Differentiating between Spatial Ability as a Specific Rather than General Factor of Intelligence in Performance on Simple, Non-routine Problems in Mathematics


  • Gavin Duffy Dublin Institute of Technology
  • Jason Power Michigan Technological University
  • Sheryl Sorby University of Cincinnati
  • Brian Bowe Dublin Institute of Technology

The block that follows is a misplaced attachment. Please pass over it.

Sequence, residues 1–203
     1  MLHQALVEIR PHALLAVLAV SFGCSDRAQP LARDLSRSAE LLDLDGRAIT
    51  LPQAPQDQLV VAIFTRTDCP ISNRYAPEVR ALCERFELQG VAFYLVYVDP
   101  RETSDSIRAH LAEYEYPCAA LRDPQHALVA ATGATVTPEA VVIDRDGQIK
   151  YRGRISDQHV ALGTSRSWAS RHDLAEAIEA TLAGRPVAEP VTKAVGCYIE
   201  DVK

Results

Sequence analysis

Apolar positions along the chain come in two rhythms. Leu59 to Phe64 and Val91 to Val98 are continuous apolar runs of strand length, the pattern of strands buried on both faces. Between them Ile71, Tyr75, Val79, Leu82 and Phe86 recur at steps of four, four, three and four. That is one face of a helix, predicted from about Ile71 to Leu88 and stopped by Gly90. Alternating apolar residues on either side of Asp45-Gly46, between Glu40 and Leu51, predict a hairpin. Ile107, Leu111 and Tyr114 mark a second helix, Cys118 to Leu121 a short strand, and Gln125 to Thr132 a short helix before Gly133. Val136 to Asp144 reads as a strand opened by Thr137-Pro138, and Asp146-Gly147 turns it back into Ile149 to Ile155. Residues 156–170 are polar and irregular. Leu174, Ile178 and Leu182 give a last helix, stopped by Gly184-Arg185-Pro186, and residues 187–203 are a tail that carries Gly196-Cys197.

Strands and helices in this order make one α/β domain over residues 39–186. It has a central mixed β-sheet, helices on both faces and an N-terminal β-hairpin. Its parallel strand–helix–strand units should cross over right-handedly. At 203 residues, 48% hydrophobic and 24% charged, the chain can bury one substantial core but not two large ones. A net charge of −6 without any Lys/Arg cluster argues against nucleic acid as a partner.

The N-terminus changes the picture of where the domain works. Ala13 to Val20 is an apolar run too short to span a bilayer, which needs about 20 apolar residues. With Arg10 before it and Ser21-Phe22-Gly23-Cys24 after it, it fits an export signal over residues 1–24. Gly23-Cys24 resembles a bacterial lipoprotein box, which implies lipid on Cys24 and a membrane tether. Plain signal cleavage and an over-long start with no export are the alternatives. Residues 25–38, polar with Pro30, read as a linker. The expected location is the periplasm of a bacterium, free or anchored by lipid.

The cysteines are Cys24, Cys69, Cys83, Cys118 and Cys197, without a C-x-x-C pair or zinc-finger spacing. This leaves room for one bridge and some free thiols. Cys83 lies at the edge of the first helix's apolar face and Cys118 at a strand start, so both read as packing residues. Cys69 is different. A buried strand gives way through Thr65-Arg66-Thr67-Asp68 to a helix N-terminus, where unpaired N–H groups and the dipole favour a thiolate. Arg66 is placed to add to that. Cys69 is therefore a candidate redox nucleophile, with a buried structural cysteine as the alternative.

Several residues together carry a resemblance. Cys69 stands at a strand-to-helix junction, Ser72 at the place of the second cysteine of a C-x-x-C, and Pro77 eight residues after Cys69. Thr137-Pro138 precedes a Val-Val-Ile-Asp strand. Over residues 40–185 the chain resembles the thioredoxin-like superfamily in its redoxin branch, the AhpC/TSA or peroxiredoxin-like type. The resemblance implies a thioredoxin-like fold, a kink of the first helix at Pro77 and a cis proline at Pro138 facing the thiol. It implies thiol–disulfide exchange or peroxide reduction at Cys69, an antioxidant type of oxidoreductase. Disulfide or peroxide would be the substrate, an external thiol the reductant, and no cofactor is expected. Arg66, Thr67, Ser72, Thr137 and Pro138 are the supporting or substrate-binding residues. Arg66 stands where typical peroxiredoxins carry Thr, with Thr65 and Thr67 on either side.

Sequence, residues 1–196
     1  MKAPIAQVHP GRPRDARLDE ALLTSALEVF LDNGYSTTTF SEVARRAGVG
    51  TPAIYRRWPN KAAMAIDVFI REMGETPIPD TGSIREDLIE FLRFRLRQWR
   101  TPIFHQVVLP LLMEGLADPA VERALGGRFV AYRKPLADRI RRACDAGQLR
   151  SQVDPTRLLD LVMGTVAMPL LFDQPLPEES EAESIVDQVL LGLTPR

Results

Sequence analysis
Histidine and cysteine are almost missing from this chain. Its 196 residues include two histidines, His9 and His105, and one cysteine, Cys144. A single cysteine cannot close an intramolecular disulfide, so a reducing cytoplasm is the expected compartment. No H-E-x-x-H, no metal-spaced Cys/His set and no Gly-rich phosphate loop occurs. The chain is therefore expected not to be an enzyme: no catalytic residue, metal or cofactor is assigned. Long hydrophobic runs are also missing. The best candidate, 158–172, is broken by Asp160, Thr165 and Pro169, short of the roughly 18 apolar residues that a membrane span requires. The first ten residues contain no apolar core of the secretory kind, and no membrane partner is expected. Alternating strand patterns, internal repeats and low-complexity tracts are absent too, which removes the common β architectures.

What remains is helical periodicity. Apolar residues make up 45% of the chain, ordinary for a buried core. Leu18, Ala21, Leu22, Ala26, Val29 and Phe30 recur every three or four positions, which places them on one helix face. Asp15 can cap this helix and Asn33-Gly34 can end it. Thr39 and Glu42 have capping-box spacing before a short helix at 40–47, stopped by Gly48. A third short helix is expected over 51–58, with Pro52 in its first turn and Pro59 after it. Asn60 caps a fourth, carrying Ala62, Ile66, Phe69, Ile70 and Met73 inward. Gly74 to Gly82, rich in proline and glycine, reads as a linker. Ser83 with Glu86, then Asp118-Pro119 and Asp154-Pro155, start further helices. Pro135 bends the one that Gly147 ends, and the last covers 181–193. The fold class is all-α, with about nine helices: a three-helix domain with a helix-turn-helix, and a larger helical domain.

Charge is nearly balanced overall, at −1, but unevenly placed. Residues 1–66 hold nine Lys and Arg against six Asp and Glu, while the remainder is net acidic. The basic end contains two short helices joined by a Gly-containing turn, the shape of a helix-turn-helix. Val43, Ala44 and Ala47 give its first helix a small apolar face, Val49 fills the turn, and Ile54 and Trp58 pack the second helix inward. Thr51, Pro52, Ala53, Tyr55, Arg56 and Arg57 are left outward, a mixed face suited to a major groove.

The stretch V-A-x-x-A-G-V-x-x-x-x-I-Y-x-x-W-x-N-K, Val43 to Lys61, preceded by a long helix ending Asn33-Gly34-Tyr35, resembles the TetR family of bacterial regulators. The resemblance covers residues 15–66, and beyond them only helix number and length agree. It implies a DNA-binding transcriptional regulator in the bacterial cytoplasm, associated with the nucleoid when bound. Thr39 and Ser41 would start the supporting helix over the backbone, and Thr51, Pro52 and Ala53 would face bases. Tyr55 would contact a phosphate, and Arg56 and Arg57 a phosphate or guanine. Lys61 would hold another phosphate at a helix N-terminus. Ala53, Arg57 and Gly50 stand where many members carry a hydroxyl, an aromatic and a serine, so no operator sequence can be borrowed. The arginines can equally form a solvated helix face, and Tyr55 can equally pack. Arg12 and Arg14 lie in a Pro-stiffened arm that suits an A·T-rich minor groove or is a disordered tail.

Spearman concluded that performance on any test of mental ability could be explained by several cognitive factors organized hierarchically as one general factor and several subordinate specific factors (Spearman, 1904, 1927). The general factor accounted for the significant amount of inter-correlation between all ability tests for any one individual while the specific factor explained the variation that was unique to each test. While there has been much debate in the literature as to what the specific factors are, with many different combinations of number and type of ability, three abilities — verbal, quantita¬tive and spatial –consistently emerge as playing a dominant role in cognition (Kyllonen, 1996).



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